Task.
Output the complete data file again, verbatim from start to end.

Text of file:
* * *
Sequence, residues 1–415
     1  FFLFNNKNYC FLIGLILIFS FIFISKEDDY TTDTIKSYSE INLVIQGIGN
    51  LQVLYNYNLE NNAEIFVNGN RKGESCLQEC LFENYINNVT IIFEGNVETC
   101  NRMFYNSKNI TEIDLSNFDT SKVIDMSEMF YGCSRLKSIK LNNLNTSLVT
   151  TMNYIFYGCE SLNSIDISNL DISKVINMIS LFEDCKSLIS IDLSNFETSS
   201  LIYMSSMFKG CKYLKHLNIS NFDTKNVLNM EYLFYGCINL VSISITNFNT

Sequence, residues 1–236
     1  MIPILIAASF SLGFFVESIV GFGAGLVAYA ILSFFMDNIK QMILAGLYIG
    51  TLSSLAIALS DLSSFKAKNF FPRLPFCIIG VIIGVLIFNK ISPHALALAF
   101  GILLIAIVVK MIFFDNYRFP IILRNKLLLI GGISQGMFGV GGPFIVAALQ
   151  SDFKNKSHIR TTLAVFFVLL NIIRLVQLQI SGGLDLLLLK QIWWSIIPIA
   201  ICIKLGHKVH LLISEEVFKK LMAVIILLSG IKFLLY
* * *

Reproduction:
Sequence, residues 1–415
     1  FFLFNNKNYC FLIGLILIFS FIFISKEDDY TTDTIKSYSE INLVIQGIGN
    51  LQVLYNYNLE NNAEIFVNGN RKGESCLQEC LFENYINNVT IIFEGNVETC
   101  NRMFYNSKNI TEIDLSNFDT SKVIDMSEMF YGCSRLKSIK LNNLNTSLVT
   151  TMNYIFYGCE SLNSIDISNL DISKVINMIS LFEDCKSLIS IDLSNFETSS
   201  LIYMSSMFKG CKYLKHLNIS NFDTKNVLNM EYLFYGCINL VSISITNFNT

Sequence, residues 1–236
     1  MIPILIAASF SLGFFVESIV GFGAGLVAYA ILSFFMDNIK QMILAGLYIG
    51  TLSSLAIALS DLSSFKAKNF FPRLPFCIIG VIIGVLIFNK ISPHALALAF
   101  GILLIAIVVK MIFFDNYRFP IILRNKLLLI GGISQGMFGV GGPFIVAALQ
   151  SDFKNKSHIR TTLAVFFVLL NIIRLVQLQI SGGLDLLLLK QIWWSIIPIA
   201  ICIKLGHKVH LLISEEVFKK LMAVIILLSG IKFLLY